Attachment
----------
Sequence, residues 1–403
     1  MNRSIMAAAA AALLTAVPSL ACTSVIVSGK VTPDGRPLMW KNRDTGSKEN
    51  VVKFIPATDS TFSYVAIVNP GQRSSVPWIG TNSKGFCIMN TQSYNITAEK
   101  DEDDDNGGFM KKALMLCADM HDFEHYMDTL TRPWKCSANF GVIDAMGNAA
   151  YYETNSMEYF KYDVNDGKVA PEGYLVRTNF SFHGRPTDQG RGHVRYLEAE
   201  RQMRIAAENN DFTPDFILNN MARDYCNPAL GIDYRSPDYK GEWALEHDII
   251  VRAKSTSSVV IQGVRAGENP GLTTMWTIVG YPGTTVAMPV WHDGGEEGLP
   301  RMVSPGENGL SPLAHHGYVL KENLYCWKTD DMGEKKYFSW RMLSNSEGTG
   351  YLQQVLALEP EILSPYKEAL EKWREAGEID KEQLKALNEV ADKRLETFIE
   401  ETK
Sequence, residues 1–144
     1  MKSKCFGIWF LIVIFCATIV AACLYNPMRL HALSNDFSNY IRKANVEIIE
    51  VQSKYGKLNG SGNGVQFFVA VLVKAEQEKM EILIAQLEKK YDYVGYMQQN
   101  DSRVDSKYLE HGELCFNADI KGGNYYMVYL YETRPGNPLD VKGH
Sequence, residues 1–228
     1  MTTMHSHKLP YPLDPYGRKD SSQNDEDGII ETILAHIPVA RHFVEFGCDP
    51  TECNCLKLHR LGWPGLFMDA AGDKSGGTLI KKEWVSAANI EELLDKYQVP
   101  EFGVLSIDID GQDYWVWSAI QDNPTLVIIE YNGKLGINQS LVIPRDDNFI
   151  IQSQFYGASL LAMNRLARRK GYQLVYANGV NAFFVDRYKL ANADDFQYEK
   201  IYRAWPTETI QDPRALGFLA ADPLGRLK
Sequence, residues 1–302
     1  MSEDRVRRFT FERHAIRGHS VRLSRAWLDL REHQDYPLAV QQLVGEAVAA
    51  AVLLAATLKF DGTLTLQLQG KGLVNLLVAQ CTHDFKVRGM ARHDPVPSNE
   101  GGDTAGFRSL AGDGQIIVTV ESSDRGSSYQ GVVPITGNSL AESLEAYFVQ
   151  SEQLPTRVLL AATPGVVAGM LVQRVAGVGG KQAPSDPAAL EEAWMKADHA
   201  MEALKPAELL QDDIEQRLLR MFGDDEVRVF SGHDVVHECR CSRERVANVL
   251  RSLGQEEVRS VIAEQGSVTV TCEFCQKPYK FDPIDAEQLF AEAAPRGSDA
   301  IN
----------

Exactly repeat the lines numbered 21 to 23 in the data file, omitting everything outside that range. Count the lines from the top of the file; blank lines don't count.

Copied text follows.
Sequence, residues 1–302
     1  MSEDRVRRFT FERHAIRGHS VRLSRAWLDL REHQDYPLAV QQLVGEAVAA
    51  AVLLAATLKF DGTLTLQLQG KGLVNLLVAQ CTHDFKVRGM ARHDPVPSNE